Smoky skies above Grand Forks, Sept. 14. Wildfire smoke is a significant contributor to particulate matter, according to Selkirk College’s Rural Development Institute. (Laurie Tritschler - Grand Forks Gazette)

Smoky skies above Grand Forks, Sept. 14. Wildfire smoke is a significant contributor to particulate matter, according to Selkirk College’s Rural Development Institute. (Laurie Tritschler - Grand Forks Gazette)

Grand Forks had second-highest smog levels in B.C. last year

Researchers at Selkirk College point to a cold winter and and smoky summer

Grand Forks had the second highest smog levels in British Columbia last year, according environment ministry data summarized in the BC Lung Association’s 2020 “State of the Air Report.”

Particulate matter is what researchers call tiny flecks of soot and engine exhaust floating in the air.

READ MORE: Some parts of B.C. enjoy better air quality but southern regions still affected

READ MORE: December air quality warning lifted for Grand Forks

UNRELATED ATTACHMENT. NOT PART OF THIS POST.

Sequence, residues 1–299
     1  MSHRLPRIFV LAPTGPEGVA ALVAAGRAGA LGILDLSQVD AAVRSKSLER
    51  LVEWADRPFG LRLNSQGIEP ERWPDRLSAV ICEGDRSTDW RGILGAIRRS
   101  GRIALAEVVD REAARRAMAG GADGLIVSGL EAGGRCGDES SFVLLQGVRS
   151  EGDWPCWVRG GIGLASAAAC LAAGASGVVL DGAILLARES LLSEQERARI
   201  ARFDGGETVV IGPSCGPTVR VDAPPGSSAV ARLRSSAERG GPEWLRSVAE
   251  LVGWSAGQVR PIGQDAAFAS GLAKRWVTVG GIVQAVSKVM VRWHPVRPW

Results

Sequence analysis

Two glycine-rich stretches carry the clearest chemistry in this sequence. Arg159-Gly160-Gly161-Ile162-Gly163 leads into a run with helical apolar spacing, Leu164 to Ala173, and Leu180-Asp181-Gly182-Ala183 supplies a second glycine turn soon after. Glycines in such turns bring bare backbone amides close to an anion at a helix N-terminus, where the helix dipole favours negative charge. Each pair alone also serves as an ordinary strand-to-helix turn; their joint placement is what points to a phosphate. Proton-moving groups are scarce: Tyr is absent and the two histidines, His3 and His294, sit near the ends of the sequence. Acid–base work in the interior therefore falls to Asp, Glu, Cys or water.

A recent report by Selkirk College’s Rural Development Institute (RDI) found that breathing particulate matter can aggravate lung conditions like asthma and bronchitis. The report summarizes other reasearch studies showing that long-term exposure is correlated with increased incidence of heart disease.

Houston, B.C. had the highest particulate levels in the province in 2019. Northern sections of the province, where forest fires are common, tend to have higher than average levels, accroding to the Lung Association’s State report.

The RDI’s report suggests that cold winter weather kept a significant volume of particulate over the Boundary last year.


@ltritsch1
laurie.tritschler@grandforksgazette.ca

Like us on Facebook and follow us on Twitter.

air qualityB.C. wildfires 2017bc wildfiresBC wildfires 2018Grand Forks